didn’t understand what they meant. Her uncle-by-marriage was a good looking but
extremely angry man. Rosa
remembered being quite terrified of him. Not that they met very often since his
profession frequently took him overseas. Only
later did she learn that the childless Maud Bellini had survived the long
absences by engaging in promiscuity.
When Rowena came into the kitchen she went straight to the sink as though she was going to wash up. Instead she turned away and suggested they partake of some coffee. ‘Or would you prefer something stronger?’
With cups of steaming coffee in place on the table, the two women pulled their chairs either side so that they faced each other. Although
it seemed a bit official she felt it advisable to look Rowena directly in the
face. That way she could tell if she was lying. ‘Right,’ she said. ‘Let’s sort
this out. What did the boys mean by someone being blackmailed’?’
Rowena had the grace to look guilty but she didn’t let it affect what she had to say. ‘It’s true. My dear husband blackmailed Maud. Oh not for money, he did it by threat.’
‘During one of his visits to the Far East Sergio stole a very valuable collection of jewels from one of the richest families in the country. In his capacity as jeweller and with Reg’s knowledge of glass he was able to hide the jewels beneath the millefiore in the paperweight.’
Rowena smiled. ‘Not at all,’ she said. ‘I’ve known about it for some years. When Reg heard that his sister had promised the paperweight to you he threatened to expose Maud’s infidelity and tarnish the memory of her husband if she didn’t change her will.’
‘Aunt Maud knew about the robbery?’
‘Oh yes, she knew. She also knew where the jewels were hidden.’
‘So if she hadn’t changed her will, the jewels would have come to me?’
‘And I would never have known?’
‘Oh my dear, I would have told you sooner or later. The old lady dying so near to dear Reg’s demise brought everything to a head, so to speak.’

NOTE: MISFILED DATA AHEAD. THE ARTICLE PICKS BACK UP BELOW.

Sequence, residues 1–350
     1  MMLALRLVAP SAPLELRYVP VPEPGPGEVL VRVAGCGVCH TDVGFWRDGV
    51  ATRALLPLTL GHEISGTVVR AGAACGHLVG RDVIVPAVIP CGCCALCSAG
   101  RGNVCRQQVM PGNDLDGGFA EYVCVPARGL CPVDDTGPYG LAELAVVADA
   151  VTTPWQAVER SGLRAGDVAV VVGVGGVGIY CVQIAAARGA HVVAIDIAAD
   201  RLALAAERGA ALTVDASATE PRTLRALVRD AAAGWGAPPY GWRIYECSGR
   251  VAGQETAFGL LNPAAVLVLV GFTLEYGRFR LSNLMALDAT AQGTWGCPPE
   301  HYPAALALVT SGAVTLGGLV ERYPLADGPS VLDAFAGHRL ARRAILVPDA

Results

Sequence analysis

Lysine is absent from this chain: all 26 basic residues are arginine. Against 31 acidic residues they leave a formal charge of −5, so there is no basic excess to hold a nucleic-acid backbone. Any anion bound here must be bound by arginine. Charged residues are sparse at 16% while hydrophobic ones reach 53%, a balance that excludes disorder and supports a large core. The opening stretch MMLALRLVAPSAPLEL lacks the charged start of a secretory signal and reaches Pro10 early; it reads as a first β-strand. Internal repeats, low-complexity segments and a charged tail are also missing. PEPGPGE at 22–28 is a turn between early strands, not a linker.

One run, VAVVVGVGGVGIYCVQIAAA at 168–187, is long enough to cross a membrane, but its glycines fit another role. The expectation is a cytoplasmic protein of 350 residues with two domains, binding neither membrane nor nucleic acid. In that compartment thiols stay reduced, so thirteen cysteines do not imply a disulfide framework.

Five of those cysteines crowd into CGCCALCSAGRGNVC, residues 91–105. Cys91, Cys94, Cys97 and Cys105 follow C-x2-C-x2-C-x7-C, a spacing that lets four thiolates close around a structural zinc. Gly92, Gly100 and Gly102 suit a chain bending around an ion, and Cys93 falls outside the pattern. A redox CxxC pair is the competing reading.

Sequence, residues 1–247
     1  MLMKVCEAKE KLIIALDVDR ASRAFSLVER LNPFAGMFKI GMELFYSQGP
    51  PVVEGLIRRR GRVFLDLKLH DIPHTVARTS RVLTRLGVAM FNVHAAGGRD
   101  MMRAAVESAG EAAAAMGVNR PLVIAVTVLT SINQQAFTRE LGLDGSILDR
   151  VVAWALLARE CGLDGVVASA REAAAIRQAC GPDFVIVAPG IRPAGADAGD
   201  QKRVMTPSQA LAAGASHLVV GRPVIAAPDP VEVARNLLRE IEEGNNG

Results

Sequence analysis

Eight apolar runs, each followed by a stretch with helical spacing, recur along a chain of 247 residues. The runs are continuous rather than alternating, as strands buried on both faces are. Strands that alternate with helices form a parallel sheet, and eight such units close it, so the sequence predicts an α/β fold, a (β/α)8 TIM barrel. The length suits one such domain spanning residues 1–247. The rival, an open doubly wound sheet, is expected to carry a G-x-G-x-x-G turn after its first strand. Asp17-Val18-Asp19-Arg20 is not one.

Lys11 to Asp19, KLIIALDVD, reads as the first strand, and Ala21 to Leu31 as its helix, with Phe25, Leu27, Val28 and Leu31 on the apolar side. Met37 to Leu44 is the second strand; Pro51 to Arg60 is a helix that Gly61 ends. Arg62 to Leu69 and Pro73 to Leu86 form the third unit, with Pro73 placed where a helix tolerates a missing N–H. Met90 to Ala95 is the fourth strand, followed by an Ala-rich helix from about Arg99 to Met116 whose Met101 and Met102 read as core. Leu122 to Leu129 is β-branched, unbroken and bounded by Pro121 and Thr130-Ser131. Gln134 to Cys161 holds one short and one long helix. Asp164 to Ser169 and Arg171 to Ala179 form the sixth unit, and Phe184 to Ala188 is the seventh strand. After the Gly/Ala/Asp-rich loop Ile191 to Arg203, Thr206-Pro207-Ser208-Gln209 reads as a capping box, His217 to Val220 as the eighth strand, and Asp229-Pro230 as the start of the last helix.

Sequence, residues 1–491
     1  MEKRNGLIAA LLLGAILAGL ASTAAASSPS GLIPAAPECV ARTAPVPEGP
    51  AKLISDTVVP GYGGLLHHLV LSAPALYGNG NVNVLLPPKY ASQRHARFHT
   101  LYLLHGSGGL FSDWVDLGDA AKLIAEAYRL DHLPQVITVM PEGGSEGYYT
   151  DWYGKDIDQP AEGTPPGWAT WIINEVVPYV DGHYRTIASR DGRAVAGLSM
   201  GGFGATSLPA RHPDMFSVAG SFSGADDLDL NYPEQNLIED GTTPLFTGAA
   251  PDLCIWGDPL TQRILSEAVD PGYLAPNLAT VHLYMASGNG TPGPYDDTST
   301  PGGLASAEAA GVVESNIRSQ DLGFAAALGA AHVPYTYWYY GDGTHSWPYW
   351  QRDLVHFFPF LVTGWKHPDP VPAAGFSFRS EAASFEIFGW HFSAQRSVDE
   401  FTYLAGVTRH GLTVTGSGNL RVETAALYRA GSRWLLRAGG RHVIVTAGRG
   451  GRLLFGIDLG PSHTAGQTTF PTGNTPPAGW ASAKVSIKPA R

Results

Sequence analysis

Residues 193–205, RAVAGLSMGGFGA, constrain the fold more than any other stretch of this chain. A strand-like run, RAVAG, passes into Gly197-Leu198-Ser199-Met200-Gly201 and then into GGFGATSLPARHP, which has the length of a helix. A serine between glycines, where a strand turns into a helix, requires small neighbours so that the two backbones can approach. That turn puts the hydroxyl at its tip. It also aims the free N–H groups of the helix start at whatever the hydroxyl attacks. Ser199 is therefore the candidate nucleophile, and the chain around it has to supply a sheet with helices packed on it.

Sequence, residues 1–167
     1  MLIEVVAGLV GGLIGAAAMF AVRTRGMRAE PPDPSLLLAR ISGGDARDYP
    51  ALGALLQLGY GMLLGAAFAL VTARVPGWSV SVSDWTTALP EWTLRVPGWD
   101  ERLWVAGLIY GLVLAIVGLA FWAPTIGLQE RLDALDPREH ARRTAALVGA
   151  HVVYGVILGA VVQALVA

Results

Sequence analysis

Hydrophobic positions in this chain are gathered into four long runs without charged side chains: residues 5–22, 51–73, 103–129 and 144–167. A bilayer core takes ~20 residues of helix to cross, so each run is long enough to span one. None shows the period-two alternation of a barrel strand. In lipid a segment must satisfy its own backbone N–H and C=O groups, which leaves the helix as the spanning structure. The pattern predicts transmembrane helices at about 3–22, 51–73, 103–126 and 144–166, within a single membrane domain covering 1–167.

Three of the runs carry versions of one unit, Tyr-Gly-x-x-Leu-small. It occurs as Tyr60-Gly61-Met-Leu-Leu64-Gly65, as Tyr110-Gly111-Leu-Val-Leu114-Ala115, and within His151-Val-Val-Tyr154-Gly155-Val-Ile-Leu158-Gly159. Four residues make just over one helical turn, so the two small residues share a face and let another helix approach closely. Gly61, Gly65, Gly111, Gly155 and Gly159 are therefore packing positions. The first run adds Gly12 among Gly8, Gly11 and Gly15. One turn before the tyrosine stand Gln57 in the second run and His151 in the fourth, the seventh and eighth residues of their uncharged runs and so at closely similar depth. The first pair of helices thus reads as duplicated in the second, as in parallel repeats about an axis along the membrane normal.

Her words seemed a bit harsh yet
Rosa couldn’t fault Rowena’s logical
approach. Her mind in turmoil she gazed across at the window. It had stopped raining
and there was a hint of sunshine. The twins were outside, Ben watching as Simon
jumped to grasp a tree branch. She hoped he wouldn’t injure himself. Not today,
when there was so much going on. ‘When did you find out?’ she asked.
‘Several years ago,’ Rowena said. I heard the men talking one day and eavesdropped. I got the full story afterwards. That’s what made me stay so long in the marriage. I knew that one day I could be quite wealthy.’
This was another shock for
Rosa and she wondered how much more she
could take. ‘So what do we do now? We
must inform the police. Oh dear, I can’t take it all in.’
Rowena eased out of her chair and walked round the table. Leaning over
shoulder she spoke so softly Rosa couldn’t be
sure she was hearing right. ‘Rosa, my dear, just think how rich we can be if we
keep this to ourselves. I know just the man to remove those jewels from the
A year later, on a hotel balcony overlooking the
of Naples Rosa admired the view. The warmth of the sun on her bare
shoulders felt so good she wondered why she had never visited Italy before. The
water shimmered in the swimming pool, the colour so blue Rosa
couldn’t decide whether it was due to the cloudless blue sky or the painted
surrounds. From where she stood she could see Vesuvius on the far side of the
bay. One day she would take a trip to see it close up but in the meantime there
were other matters to see to.
A year had passed since her aunt’s funeral and there would soon be another one. This time, though, it might be more appropriate not to attend.
Putting her sunglasses on the wrought-iron table, she sat down and pulled the package towards her. She had been here for a week now and only today had the package arrived. The anxious wait had made her nervous. She couldn’t help feeling that something had gone wrong and the parcel had gone astray. It arrived forty minutes ago but the porter had only just brought it to her room. He was rewarded with a worthwhile tip.
She couldn’t wait another minute to see her beloved paperweight and inspect it for signs of damage. It was too bad Rowena wasn’t there to share the moment with her, after all if it hadn’t been for her aunt-by-marriage she wouldn’t be indulging in all this luxury. It really was too bad that the taxi had put on speed just as Rowena was crossing the road. On a pedestrian crossing, as well.